The Greatest Showman, starring Hugh Jackman is reviewed here by Steph Nickel. Steph states that both she and her husband were “pleasantly surprised.”
Contact us or comment below with your own review of “The Greatest Showman.”
The Greatest Showman
The Greatest Showman is described as follows on Google:
“Inspired by the imagination of P. T. Barnum, The Greatest Showman is an original musical that celebrates the birth of show business & tells of a visionary who rose from nothing to create a spectacle that became a worldwide sensation.”
I had heard positive things about this movie when I suggested my hubby and I pick it up on one of our infrequent visits to our local video store. And we were both pleasantly surprised. So much so that we purchased a copy.
Normally, when discovering a movie was a musical—something we didn’t know until we began to watch it—Dave would be thrilled and I … well, me—not so much. The Greatest Showman was different however. Sure, my hubby’s eyes still lit up and he was immediately drawn in. But, strangely enough, so was I.
Whether or not the movie is an accurate portrayal of P. T. Barnum’s personality and journey to fame, I don’t know. But I do know that Hugh Jackman does a wonderful job of portraying a believable main character, one the viewer will, at times, root for and, at others, want to give a good shake.
Memorable Song From the Movie
Perhaps the most memorable song from the movie is “This is Me.” It is definitely the song that made the biggest impact on me. It is sung by the societal rejects Jackman’s character plucked from obscurity, those he treated with respect, and gave a purpose.
Was the real P. T. Barnum simply a businessman who used and manipulated people and held to the premise that “there’s a sucker born every minute,” a phrase attributed to him throughout the years?
I don’t know, but I do know that the journey of the group of people in the movie tugged at my heartstrings. And Jackman’s character came to consider them family.
This makes me think of Jesus’s behaviour and relationships when He walked the earth.
He Didn’t Abide by Accepted Norms.
Spiritual leaders of Jesus’s day didn’t associate with those they felt the Lord had rejected. They were filled with pride and revelled in receiving accolades. They were concerned about obeying what is referred to as the letter of the Law, the rules and regulations, but didn’t understand the spirit of the Law, the reason God gave the commands He did.
Unlike these spiritual leaders, Jesus deserved to be worshiped and revered, but instead, He humbled Himself as we read in the book of Philippians. He also understood exactly why the commands and directives were given.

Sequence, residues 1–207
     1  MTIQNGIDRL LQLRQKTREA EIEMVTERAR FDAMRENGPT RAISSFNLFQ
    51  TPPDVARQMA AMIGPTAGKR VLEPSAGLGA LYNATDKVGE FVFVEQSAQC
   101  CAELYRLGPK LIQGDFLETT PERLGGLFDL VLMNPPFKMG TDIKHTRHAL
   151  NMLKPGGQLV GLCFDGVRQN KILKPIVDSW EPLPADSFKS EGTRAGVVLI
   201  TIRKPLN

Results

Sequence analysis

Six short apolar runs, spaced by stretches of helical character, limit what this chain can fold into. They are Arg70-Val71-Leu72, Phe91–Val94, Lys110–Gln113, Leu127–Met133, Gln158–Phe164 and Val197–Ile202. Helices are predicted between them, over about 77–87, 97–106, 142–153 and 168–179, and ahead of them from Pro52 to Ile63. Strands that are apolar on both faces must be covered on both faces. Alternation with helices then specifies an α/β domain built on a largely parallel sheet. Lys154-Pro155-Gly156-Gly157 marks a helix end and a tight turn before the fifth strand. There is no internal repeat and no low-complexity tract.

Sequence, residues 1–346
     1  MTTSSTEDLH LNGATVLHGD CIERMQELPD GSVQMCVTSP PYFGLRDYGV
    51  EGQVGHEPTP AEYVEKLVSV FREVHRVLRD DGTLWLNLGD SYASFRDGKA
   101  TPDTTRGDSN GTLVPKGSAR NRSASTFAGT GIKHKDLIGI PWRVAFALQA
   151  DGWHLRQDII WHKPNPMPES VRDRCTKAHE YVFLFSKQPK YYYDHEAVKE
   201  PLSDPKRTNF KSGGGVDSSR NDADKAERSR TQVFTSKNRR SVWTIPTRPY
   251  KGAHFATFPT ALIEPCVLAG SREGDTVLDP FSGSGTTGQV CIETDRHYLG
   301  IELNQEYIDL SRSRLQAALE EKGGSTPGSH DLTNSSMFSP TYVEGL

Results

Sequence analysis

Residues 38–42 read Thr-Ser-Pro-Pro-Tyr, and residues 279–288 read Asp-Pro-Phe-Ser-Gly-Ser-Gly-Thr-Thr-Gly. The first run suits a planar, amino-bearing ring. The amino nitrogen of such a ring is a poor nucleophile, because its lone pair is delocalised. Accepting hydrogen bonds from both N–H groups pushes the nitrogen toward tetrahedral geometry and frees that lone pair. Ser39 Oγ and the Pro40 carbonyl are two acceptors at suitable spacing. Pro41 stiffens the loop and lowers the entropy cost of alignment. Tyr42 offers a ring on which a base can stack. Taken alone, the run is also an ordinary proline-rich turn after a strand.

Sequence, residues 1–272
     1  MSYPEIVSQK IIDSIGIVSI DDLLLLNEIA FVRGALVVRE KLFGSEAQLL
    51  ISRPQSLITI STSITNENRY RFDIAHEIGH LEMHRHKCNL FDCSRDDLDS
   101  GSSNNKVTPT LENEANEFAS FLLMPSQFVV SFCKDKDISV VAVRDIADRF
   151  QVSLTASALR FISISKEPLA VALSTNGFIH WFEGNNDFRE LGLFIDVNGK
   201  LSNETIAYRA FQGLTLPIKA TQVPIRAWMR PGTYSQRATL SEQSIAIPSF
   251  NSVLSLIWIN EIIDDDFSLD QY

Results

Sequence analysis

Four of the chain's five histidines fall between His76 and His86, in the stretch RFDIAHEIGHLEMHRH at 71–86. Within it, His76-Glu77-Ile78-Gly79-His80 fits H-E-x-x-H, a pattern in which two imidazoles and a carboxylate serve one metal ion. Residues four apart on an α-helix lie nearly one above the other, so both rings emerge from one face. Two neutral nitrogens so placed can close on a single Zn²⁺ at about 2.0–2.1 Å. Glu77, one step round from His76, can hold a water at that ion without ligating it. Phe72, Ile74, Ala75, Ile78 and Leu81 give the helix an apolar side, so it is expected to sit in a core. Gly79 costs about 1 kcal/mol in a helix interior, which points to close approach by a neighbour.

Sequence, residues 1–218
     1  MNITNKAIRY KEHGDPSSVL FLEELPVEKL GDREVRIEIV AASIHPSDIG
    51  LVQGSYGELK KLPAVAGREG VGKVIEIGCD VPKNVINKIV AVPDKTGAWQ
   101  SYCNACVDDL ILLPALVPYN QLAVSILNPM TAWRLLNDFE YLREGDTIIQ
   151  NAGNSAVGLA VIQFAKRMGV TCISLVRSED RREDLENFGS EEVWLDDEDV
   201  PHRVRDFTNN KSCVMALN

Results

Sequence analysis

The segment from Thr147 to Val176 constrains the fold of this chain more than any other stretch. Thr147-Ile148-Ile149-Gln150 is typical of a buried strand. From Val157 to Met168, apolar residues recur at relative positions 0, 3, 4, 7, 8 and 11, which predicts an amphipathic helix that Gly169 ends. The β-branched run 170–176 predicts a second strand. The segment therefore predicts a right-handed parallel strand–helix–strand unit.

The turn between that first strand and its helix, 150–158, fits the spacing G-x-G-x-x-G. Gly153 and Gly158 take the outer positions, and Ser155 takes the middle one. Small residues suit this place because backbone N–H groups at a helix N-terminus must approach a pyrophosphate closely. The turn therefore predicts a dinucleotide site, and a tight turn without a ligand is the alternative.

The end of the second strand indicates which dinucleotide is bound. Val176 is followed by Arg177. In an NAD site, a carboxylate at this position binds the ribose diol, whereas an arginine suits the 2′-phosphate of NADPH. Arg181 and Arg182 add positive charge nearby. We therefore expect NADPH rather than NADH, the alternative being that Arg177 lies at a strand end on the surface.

Although Jackman’s character didn’t always do so for noble purposes, he didn’t fall into step with society’s way of thinking and behaving either.
Jesus Interacted With Those Society Rejected.
Fishermen. Tax collectors. Lepers. Women. Children.
While society looked down upon these individuals, Jesus reached out to them and brought healing and wholeness.
Jackman’s character also reached out to the rejected members of society and they were better for it.
Jesus Connected With These People in Shocking Ways.
The Lord was criticized for eating with tax collectors and sinners. The spiritual leaders were appalled when a woman of questionable character anointed Jesus with oil. What must they have thought when He reached out and actually touched a leper? Even His disciples wanted to send away the children who were brought to Jesus. And they had no idea why He would have a conversation with a woman—a Samaritan woman no less.
The greatest showman had to overcome the public’s prejudice. There was a time in the movie he succumbed to it himself. But, as I mentioned, Jackman’s character came to view these individuals as his family.
Jesus Gave Them a Higher Purpose.
While the strongman, the bearded lady, and Tom Thumb may have found a higher purpose in the movie, the purpose Jesus gave many when He walked the earth—and still gives today—will last for all eternity.
God’s children, His family, come from a wide variety of backgrounds and are often society’s castoffs.
Jackman’s character gathered a group of unique individuals. The Lord does the same. His followers, His family, come from several ethnicities, social classes, educational backgrounds, physical and mental fitness levels, and age groups. Let’s not be quick to judge who God is or is not drawing to Himself.
While Jesus’s is sinless and perfect, the greatest showman, of course, is not. The parallels between the two are remote. However, the movie is entertaining; family friendly—for the most part; and can teach us a thing or two.
We can even learn from songs such as “This is Me.” We ought not to judge others or ourselves based on what society says is admirable and beautiful. God made each of us unique for a purpose. However, we must repent of sinful behaviour, accept the salvation Jesus offers, and seek to obey the commands and directives in God’s Word. It is also our responsibility to encourage others to do the same.
And one last comment about The Greatest Showman … if you are planning to watch it with young teens or pre-teens, you may want to preview it first.
Stephanie is a freelance writer and a contributor to our Christian internet radio station, HopeStreamRadio. Read and hear more from Steph Nickel on the contributor’s page or at Steph Nickel’s Eclectic Interests.
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Images courtesy of:
Circus – Free-Photos
Movie Poster – The Greatest Showman
P.T. Barnum – Public Domain
Hugh Hackman – Dirk Thomas Johnson